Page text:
Modi has shown during Gujarat elections that he is a tireless campaigner, by single-handedly covering more ground than his top three opponents put together. Then, there is his much discussed and popular 3D campaign, which could be unleashed on an all-India level. As an excellent orator, who connects well with his audience, it is only a matter of nationwide tours for him to underline UPA’s failures and his successes, and sway a large chunk of the undecided voters into his folds.

Another argument against him is that Indian Hindus are not as communal as the Gujarati Hindus and hence, Modi’s Hindutva appeal will have no takers beyond his state. Never mind the polls that suggest his immense popularity.

To think of it, if Gujarati Hindus are communal, why blame Modi for the 2002 riots? He, at the worst, can be called a product of the communal Gujarati society, not the creator of it.

Anyway, let us agree for the argument’s sake that peace loving Indian Hindus, unlike the “communal” Gujarati Hindus, do not prefer “bigots”; let us agree that the majority of Indians do not like Modi. In which case, what is the harm in letting Modi fancy his chance electorally? Especially when his critics are sure that he is doomed to fail?

He has blood on his hands and he is not sorry for it

First, Modi has repeatedly condemned the Godhra and post Godhra tragedies. If he is not crying and apologising every time his detractors bring up the issue, it is because they will project his apology as an acceptance of his culpability. These people have their own axes to grind, which is clear from the fact that they gloss over the Hindu casualties and involvement of some Congressmen in the 2002 riots.

Second, inability to say sorry, by no stretch of imagination, can be equated to being guilty. Moreover, it is not as if he has gone about apologising to the families of the Hindu victims.

Third, Modi stands innocent in the eyes of law. There are no cases, no evidences against him for the 2002 riots. If he is being denied political rise only because he was the CM of Gujarat when the unfortunate riots happened, going by that stringent standard, most, if not all, politicians of India would be rendered unfit for the top job.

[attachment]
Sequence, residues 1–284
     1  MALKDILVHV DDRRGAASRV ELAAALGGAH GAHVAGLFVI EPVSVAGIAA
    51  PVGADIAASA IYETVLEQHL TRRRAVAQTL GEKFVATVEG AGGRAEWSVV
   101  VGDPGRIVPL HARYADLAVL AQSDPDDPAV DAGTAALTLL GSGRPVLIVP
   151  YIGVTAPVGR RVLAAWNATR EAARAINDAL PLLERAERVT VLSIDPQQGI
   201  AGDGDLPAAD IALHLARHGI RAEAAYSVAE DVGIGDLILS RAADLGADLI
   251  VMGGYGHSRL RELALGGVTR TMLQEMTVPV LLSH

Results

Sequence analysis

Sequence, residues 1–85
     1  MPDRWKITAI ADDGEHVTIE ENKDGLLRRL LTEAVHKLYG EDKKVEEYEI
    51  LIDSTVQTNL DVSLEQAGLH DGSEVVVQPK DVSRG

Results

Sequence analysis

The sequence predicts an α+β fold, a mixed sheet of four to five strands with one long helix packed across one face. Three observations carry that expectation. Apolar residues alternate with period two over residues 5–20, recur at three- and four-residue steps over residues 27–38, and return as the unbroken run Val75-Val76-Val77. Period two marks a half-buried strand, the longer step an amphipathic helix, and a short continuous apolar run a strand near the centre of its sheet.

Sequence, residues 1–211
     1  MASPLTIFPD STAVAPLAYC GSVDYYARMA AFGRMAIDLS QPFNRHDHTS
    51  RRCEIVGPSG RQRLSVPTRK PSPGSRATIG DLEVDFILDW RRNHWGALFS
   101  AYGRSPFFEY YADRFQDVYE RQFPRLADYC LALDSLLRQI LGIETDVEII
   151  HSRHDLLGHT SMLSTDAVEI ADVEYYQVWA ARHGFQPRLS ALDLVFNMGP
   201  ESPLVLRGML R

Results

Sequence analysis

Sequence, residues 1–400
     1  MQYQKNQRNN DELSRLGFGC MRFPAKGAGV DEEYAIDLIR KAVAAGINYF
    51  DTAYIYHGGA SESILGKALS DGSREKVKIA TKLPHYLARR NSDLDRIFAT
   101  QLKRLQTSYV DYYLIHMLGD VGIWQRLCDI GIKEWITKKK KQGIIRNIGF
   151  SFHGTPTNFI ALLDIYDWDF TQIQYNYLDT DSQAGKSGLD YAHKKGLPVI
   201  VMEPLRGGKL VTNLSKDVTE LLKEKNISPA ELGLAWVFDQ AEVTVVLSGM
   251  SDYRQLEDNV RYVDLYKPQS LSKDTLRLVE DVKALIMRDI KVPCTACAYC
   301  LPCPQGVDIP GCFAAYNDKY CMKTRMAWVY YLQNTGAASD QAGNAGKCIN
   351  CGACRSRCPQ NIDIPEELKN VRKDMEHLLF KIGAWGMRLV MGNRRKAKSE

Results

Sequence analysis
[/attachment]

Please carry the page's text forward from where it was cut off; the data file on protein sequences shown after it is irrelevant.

Fourth, if India could have Rajiv Gandhi as its PM despite 1984 Sikh riots and even celebrate him as “Mr. Clean”, why not Modi? Unless of course, we consider the blood of Muslims thicker than that of the Sikhs.

 Muslims will not feel safe under him and will vote against him en bloc

There are 60 lakh Muslims in Gujarat, who are not only living safely, but are also prospering and increasingly leaning towards Modi’s “no appeasement, only development” approach. In the December 2012 state assembly elections, the BJP won 24 constituencies that have more than 15% Muslim voters, of which four seats had one-third Muslim voters.

It is silly for the non-Gujarati Muslims to dismiss those Gujarati Muslims who support/vote for Modi, as the latter are more aware of the ground realities of the state. It is sillier to argue that development has bypassed Muslims of Gujarat; excellent infrastructure, spill over effects of new factories, river front, are for one and all.

In February, Maulana Mahmood Madani, general secretary of Jamiat Ulema-e-Hind, acknowledged the positive turn in the Modi-Muslim narrative by saying, “In Gujarat, Jamiat workers on the ground have told me that in several Assembly segments, Muslims voted for Modi. There is a perceptible change of heart and circumstances are different now. Muslims in Gujarat are economically better off than in several states which have so-called secular governments in power.” Jamiat is the political offshoot of Darul Uloom Deoband that influences millions of Muslims in the subcontinent.